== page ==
In front of the hearth your host will use more elaborate words and gestures to introduce you to the spirits of the house, which are echoed by the guest as well. This is to make sure that your presence will not introduce disharmony and impurities into the household. These specific ritual words and gestures vary not just from town to town but from clan to clan and even from family to family, so the host is expected to coach the guest into saying and doing their part correctly.

    After this ceremony has been gone through once, the guest is now seen as a proper visitor who can go anywhere in the house at least when it comes to religious/spiritual purposes. Obviously the next time the guest visits, they’re still expected to politely wait to be let in, but they can walk past the main hearth with only a small polite gesture. And usually the same is true for when they go into the inner courtyard where the family alter is, though some families insist on a second (but briefer) ritual for that purpose.

    The hearth introduction ceremony might still need to be repeated in the future, if a long time passes – like a whole long Summer – between the guest’s visits. But even then the second introduction is usually a somewhat shorter version of the first one.

    For smaller, poorer households, there might just be one main room and so the guest will pass before the hearth immediately after crossing the second threshold. In such cases the elaborate ceremony takes place right away by the threshold instead.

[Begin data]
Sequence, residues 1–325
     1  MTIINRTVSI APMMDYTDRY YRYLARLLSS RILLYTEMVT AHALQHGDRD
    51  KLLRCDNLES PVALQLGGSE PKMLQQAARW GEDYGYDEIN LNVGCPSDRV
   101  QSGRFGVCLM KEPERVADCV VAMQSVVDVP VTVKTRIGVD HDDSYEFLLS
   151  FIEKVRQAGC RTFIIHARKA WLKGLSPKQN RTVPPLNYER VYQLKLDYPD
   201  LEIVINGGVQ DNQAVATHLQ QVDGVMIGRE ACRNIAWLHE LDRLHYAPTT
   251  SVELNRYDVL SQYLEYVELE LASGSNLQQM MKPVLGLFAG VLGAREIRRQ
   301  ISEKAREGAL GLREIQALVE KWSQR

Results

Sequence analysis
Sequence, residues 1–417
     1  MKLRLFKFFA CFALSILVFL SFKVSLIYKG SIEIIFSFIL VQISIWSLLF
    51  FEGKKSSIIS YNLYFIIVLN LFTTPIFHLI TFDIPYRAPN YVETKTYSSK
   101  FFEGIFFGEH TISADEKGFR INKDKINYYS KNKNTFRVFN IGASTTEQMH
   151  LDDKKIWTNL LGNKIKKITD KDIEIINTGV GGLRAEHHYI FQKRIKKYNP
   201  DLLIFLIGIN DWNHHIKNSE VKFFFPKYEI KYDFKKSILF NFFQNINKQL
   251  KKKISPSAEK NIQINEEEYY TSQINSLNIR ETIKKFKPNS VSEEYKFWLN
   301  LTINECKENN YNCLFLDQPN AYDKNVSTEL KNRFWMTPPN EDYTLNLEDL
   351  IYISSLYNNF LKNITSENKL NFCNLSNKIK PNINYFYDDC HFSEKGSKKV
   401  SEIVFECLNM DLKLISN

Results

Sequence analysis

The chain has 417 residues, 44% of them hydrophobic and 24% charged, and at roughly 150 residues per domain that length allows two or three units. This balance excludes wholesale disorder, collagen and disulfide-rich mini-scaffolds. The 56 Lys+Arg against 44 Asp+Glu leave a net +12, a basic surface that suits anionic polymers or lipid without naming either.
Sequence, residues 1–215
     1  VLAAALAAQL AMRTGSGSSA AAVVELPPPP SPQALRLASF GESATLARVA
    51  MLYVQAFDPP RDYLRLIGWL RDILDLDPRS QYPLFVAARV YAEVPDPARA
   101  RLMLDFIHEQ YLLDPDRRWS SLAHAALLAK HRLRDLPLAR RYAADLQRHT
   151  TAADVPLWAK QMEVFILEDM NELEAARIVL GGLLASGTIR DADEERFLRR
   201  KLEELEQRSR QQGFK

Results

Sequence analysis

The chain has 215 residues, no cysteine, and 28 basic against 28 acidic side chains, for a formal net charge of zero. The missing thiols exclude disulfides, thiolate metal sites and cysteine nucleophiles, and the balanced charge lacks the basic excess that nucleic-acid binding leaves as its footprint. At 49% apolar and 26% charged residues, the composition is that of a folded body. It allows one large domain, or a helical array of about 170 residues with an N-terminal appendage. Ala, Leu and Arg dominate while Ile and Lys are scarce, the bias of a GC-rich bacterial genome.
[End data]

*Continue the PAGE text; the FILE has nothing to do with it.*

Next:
In rural houses, Summer or Winter, most of the above still holds but the initial wait might be after crossing an outside gate, and the ‘threshold greeting’ might then be performed as the visitor enters the house proper instead.

    (Other ethnicities often have similar customs, though many place greater importance on greeting the family altar than the hearth.)

    If a new visitor for some reason – like an emergency – runs into a house including passing the main hearth without doing the proper ceremony, he or she is expected to return at a later date and perform a rite of expiation and purification to mollify the spirits, performing humble words and handing over a gift to be sacrificed to the altar. Should this not happen, an actual priest might need to be called for, depending on how devout/superstitious the members of the household might be.

    1. I forgot to say that non-traditional homes (for instance boardinghouses, student housing…) would usually have their own versions of the greeting ceremony, but there is less clarity and more uncertainty when strangers visit such homes for the first time… especially since not everyone in the house might be Beldreni, and while as noted it’s common overall to have some kind of greeting ceremony of this kind, it’s not universal for all ethnicities. Also the way the Beldreni divide up house spirits into three kinds (ancestral, tied to the house as location, or tied to the household as activity) is actually a little unusual.

      A brand new building which is shared by several families and/or single people might not even be assumed to have any guardian spirits in it yet, although one would hope to attract them. In such cases perhaps there might be a particular object in the building or courtyard that is used for ceremonies instead of the central hearth or altar – an object that’s donated to the building and which is (believed to be?) infused with sacredness.